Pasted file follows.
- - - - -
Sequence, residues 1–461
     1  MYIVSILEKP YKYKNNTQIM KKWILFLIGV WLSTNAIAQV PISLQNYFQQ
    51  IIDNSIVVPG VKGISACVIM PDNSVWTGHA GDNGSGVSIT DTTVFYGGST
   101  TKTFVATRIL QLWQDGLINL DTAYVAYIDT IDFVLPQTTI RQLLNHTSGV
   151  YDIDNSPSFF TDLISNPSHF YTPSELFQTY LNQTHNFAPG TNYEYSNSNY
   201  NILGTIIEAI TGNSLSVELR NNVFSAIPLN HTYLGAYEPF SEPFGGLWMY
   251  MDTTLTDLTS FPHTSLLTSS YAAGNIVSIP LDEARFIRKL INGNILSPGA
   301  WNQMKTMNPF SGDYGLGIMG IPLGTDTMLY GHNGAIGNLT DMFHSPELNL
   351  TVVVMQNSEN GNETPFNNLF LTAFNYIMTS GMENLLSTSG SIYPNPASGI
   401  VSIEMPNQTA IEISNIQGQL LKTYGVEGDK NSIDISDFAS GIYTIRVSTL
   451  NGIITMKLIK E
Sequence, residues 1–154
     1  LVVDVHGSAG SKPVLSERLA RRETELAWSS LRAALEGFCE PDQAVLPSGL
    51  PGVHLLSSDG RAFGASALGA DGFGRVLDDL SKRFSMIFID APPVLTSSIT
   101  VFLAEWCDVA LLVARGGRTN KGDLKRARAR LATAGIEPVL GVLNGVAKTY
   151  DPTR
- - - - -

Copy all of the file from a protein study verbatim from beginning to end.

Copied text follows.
Sequence, residues 1–461
     1  MYIVSILEKP YKYKNNTQIM KKWILFLIGV WLSTNAIAQV PISLQNYFQQ
    51  IIDNSIVVPG VKGISACVIM PDNSVWTGHA GDNGSGVSIT DTTVFYGGST
   101  TKTFVATRIL QLWQDGLINL DTAYVAYIDT IDFVLPQTTI RQLLNHTSGV
   151  YDIDNSPSFF TDLISNPSHF YTPSELFQTY LNQTHNFAPG TNYEYSNSNY
   201  NILGTIIEAI TGNSLSVELR NNVFSAIPLN HTYLGAYEPF SEPFGGLWMY
   251  MDTTLTDLTS FPHTSLLTSS YAAGNIVSIP LDEARFIRKL INGNILSPGA
   301  WNQMKTMNPF SGDYGLGIMG IPLGTDTMLY GHNGAIGNLT DMFHSPELNL
   351  TVVVMQNSEN GNETPFNNLF LTAFNYIMTS GMENLLSTSG SIYPNPASGI
   401  VSIEMPNQTA IEISNIQGQL LKTYGVEGDK NSIDISDFAS GIYTIRVSTL
   451  NGIITMKLIK E
Sequence, residues 1–154
     1  LVVDVHGSAG SKPVLSERLA RRETELAWSS LRAALEGFCE PDQAVLPSGL
    51  PGVHLLSSDG RAFGASALGA DGFGRVLDDL SKRFSMIFID APPVLTSSIT
   101  VFLAEWCDVA LLVARGGRTN KGDLKRARAR LATAGIEPVL GVLNGVAKTY
   151  DPTR